Correlation of Electrodiagnostic and Clinical Findings in Unilateral S1 Radiculopathy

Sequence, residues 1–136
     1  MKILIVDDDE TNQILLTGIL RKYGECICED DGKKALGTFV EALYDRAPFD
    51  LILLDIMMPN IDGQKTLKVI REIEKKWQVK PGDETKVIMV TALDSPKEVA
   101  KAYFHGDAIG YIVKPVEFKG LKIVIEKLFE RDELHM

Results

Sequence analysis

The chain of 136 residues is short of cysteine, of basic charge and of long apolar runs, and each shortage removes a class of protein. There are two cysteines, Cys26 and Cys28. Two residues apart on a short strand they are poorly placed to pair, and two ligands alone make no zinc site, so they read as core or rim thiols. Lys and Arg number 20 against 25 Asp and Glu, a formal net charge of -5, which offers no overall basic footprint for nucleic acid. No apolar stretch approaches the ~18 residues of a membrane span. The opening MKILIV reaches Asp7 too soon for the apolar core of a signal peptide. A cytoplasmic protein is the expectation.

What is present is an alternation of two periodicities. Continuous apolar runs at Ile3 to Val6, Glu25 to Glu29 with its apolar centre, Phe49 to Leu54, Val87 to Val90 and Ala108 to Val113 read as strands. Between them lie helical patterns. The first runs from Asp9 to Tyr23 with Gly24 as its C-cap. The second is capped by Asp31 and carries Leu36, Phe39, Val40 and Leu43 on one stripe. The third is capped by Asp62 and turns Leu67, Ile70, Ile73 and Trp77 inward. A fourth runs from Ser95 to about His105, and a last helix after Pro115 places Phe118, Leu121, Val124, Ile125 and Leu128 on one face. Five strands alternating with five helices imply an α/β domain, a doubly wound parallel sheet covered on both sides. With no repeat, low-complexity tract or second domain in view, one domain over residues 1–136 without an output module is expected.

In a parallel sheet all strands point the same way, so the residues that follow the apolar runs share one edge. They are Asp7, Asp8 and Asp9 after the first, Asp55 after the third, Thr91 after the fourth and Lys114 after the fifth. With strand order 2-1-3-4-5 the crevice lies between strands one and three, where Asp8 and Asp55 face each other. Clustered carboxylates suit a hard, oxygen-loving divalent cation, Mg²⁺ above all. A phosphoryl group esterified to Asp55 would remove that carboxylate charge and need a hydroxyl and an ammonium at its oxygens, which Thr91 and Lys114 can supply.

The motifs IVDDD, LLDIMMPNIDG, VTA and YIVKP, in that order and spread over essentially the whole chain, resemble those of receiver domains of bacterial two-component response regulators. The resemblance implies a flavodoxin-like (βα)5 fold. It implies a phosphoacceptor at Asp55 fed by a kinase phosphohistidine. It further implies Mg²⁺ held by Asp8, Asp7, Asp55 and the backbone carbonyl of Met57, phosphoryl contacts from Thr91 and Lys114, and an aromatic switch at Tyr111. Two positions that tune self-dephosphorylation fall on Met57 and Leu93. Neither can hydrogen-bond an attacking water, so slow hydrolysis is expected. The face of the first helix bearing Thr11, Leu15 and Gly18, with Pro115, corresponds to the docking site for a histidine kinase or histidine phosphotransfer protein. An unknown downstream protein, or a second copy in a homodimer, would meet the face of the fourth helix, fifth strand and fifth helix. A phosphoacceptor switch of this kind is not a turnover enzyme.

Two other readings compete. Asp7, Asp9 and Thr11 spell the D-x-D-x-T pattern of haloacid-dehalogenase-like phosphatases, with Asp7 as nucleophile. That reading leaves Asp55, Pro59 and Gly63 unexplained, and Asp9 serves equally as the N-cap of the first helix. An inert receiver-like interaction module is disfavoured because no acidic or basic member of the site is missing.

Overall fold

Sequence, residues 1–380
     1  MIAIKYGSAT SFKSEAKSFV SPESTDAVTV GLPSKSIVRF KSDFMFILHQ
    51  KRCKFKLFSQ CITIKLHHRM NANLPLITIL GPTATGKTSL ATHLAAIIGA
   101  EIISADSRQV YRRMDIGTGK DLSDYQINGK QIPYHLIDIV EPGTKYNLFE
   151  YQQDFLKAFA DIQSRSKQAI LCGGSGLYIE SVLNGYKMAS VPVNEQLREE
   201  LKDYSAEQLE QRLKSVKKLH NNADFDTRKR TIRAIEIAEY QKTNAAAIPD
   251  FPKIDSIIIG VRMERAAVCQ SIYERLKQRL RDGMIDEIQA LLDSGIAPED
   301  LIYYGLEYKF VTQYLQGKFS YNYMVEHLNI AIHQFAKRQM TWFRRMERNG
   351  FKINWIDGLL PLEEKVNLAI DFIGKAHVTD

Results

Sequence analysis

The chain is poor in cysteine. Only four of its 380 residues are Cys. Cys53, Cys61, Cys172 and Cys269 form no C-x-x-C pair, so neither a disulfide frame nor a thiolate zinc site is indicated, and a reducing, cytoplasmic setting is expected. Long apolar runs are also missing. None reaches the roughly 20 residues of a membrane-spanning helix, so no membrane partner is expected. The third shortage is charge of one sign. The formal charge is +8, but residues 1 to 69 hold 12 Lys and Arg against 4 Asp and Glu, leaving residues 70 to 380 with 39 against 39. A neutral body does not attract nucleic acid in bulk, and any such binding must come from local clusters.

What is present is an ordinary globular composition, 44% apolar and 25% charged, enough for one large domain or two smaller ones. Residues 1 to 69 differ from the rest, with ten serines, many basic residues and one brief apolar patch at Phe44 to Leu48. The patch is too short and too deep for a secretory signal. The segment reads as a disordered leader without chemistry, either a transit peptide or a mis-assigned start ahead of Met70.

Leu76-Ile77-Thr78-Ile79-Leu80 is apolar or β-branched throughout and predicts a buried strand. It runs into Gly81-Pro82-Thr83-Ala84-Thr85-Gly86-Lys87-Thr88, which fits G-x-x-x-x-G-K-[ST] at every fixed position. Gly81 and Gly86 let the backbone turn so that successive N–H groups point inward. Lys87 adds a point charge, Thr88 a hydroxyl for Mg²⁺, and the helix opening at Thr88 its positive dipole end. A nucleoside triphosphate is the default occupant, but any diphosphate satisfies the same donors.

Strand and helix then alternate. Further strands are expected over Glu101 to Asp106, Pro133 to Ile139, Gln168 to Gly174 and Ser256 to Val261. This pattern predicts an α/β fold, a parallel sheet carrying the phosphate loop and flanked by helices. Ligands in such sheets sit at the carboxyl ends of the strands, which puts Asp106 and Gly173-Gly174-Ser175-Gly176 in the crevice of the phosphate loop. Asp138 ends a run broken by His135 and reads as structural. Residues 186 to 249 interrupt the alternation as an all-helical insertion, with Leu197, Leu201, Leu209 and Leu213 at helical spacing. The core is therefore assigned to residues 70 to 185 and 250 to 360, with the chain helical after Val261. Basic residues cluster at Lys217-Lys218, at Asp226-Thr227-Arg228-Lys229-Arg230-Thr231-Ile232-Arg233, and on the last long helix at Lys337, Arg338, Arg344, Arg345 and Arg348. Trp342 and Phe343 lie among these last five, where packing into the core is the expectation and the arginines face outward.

Lumbosacral radiculopathy is a challenging diagnosis, and Electrodiagnostic study (EDX) is a good complementary test for Magnetic Resonance Imaging (MRI). Physical examination, MRI and electrodiagnosis have different diagnostic values in this regard. MRI can provide anatomical evidence and is useful in choosing a treatment process, but it could also have false positive results. In this study, we assessed the correlation of clinical and electrodiagnostic findings in patients with positive MRI findings for S1 radiculopathy. EDX was performed for 87 patients referred with clinical and MRI diagnosis of S1 radiculopathy. The consistency between EDX results, MRI, and clinical findings were evaluated by Pearson chi 2 and odds ratio. Fifty-eight percent of patients had disc protrusion, and 42% had extrusion. Physical examination revealed absent Achilles reflex in 83% and decreased S1 dermatome sensation in 65%. In this study, EDX sensitivity was about 92%. The highest consistency among EDX parameters and physical examination findings was between absent H-reflex and decreased Achilles reflex (OR=6.20, P=0.014), but there was no significant consistency between H-reflex and neither muscular weakness nor SLR test result (P>0.05). There was also no relationship between type of disc herniation in MRI and H reflex. There was correlation between H-reflex abnormalities and absent ankle reflex in patients with unilateral L5-S1 disc herniation in MRI. Results of this study showed that in patients with positive MRI for L5-S1 disc protrusion and S1 nerve root compression, it is still beneficial to perform EDX for selected patients.
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